Accelerating Process Improvement Using Agile Techniques enhances the likelihood of success for IT projects. This volume describes a proven method for accelerating process improvement that helps set the goals and directions of organizations. The book offers several real-world scenarios describing situations prevalent throughout IT organizations regardless of the primary business in which a company may be engaged. Without the process improvement techniques described in this volume, organizations are at risk of losing valuable employees, as well as money, reputation, and clients.
Review By: Jan Scott 06/17/2010If you are new to process improvement or to project management, Accelerating Process Improvement Using Agile Techniques is for you. Deb Jacobs walks the reader through many process improvement methodologies, describes CMMI in detail, and then writes about agile process improvement using an easy-to-read, "cookbook" approach. Her toolkit in the appendix will give the beginner valuable tips for developing schedules, work breakdown structures, and meeting agendas and minutes.
The process improvement information presented in this book is complete and easy to read. But for the experienced QA professional or project manager, there is nothing new in this book. The toolkit at the end is a wonderful example of all the different forms and reports that a project manager might need, but how many experienced project managers need to be given an agenda for a status meeting or an example of a work breakdown structure?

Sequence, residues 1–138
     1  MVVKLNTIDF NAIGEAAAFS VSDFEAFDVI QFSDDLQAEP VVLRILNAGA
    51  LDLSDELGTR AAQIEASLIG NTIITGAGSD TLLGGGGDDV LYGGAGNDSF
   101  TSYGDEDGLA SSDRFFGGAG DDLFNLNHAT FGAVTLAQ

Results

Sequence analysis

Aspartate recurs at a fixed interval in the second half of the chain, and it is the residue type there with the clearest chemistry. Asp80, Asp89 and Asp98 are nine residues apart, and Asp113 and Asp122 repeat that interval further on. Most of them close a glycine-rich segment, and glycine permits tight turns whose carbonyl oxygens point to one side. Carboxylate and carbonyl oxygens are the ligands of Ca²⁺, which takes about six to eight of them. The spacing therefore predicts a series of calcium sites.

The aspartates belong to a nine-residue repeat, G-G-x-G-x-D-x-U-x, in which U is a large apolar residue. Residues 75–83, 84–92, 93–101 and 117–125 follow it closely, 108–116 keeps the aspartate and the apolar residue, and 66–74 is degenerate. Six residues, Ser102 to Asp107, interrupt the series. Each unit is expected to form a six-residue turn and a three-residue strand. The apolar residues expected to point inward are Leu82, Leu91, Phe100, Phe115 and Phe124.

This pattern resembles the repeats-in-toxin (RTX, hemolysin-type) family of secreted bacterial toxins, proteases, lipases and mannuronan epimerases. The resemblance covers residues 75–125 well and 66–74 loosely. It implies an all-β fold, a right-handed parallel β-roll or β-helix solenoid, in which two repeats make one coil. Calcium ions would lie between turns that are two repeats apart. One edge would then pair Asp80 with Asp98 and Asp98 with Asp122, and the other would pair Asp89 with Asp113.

The book is divided into four parts. Part I defines process improvement and briefly discusses different process improvement methodologies. It then identifies the factors for a process improvement project to be successful, followed by an in-depth discussion of the Capability Maturity Model–Integrated (CMMI), which is the latest CMM model.
Part II introduces an agile process improvement methodology (APIM). The general concept of APIM is that an APIM project will consist of a process team that is responsible for planning, an action team that will perform the actions, and a steering committee. The process team will work with one or more projects to develop and pilot new processes. At the end of the project, a formal audit or review will be held, and, if ready, the organization will move into a continuous improvement mode.
Part III discusses the how-to of APIM, as well as the people issues and organizational change. Part IV is a detailed appendix containing a toolkit of meeting minutes and agendas, an example work breakdown structure, schedule and budget checklists, and audit reports and checklists.
Other than repeatedly admonishing us to "keep it simple," the author doesn't explain how APIM is agile, and it doesn’t appear to be any more agile than other methodologies. Perhaps the author sacrificed agility for completeness in her descriptions. All of her descriptions are very general, so it is difficult to get a sense of specific ways APIM could be applied. A case study carried throughout the book would have added greatly to my understanding.